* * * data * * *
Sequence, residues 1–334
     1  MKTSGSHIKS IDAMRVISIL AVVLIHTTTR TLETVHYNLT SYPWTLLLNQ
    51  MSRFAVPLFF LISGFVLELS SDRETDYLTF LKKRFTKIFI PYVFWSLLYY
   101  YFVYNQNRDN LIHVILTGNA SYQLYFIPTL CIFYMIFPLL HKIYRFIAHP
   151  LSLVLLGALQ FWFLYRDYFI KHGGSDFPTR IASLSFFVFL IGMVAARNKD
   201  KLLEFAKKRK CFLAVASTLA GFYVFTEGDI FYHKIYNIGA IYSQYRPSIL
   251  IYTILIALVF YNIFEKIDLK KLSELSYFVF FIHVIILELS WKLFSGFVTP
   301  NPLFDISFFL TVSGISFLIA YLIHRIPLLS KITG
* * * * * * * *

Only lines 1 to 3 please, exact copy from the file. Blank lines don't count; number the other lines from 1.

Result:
Sequence, residues 1–334
     1  MKTSGSHIKS IDAMRVISIL AVVLIHTTTR TLETVHYNLT SYPWTLLLNQ
    51  MSRFAVPLFF LISGFVLELS SDRETDYLTF LKKRFTKIFI PYVFWSLLYY